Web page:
In addition to having a lowered number of headache days, around 20% of patients transformed to low-frequency, episodic migraine on follow-up.
Results from a prospective cohort study demonstrated that repetitive multiple cranial nerve blocks (MCNBs) could provide effective prevention in patients with chronic migraine.
Among the 64 patients included in the study, the mean (+SD) reduction in headache days following MCNBs was 5.4 (+5.4) days, as well as a mean (+SD) reduction in Headache Impact Test 6 (HIT6) scores of 5.3 (+10.3). About 42 (66%) patients responded to the MCNBs with ≥30% reduction in headache days, with a mean (+SD) duration of effect of 5.7 (+5.4) weeks.
“The transformation into episodic migraine in a third of our responders is promising and may suggest that repetitive occipital and trigeminal nerve blocks could have a better role in the management of chronic migraine,” Linford Fernandes, MBBS, lead investigator, neurology registrar and clinical research fellow, Leeds Teaching Hospital, and colleagues concluded.
As MCNBs are frequently used for the acute and transitional treatment of migraine, this single-center, prospective cohort study was designed to evaluate their efficacy as a preventive therapy for chronic migraine. Investigators from the Leeds Teaching Hospital Trust, United Kingdom, collected demographic and outcome data on chronic migraine patients who had MCNBs in the headache service between June 2017 and March 2019.
Patients were followed for up to 20 months based on the number of MCNBs they received and underwent repetitive occipital nerve blocks or bilateral occipital and trigeminal nerve blocks. This was determined on the response to the treatment, location of maximal tenderness and/or area of sensitization.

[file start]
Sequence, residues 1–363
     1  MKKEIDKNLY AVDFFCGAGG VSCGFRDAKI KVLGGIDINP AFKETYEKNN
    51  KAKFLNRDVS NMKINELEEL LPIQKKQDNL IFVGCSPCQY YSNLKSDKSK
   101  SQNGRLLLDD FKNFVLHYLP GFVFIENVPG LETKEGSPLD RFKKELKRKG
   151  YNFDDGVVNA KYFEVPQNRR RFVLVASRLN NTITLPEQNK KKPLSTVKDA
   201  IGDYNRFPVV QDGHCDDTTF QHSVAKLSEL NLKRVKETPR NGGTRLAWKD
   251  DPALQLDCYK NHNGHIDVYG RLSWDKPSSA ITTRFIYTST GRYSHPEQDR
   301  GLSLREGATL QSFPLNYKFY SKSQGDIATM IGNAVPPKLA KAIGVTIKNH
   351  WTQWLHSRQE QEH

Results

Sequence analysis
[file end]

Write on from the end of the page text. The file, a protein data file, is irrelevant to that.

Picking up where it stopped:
Researchers used the proportion of patients with ≥30% reduction in their headache days at 4 weeks post-block, following the blocks as the primary outcome measure of the study. Secondary outcomes of the study included HIT6 scores by 12 weeks, with the questionnaires administered between 10 and 12 weeks after the last nerve block.
Of the 64 patients with a diagnosis of chronic migraine, 54 (84%) were female and 20 (31%) had a diagnosis of chronic migraine with aura (MWA). The mean age at the first nerve block procedure was 41 (+12.4) years, with an age range of 21—72 years.
About 10 (16%) and 6 (9%) patients had a concomitant diagnosis of medication overuse headache (MOH) or accompanying occipital neuralgia, respectively. Treatments documented at baseline showed 37 (58%) patients had only repetitive occipital nerve blocks and 27 (42%) had a combination of occipital and trigeminal nerve blocks.
While the overall headache days was reduced, there were no statistically significant differences between patients who had occipital nerve blocks and those who had occipital and trigeminal nerve blocks (P = .429). Researchers also noted that 13 (20%) patients transformed to low-frequency episodic migraine on follow-up. No reduction in headache scores or HIT6 scores were recorded in 22 (34%) patients.
As for safety, of 112 individual nerve block encounters during the study, 9 (8%) instances of minor post-block complications were documented with a total of 501 injections. Among them included 4 episodes of transient dizziness, 4 episodes of injection site pain, and 1 episode of localized hair thinning.
Fernandes L, Khan N, Dobson J, Randall M, Idrovo L. Multiple cranial nerve blocks as an alternative preventative therapy for chronic migraine. Headache. Published online March 30, 2020. doi: 10.1111/head.13792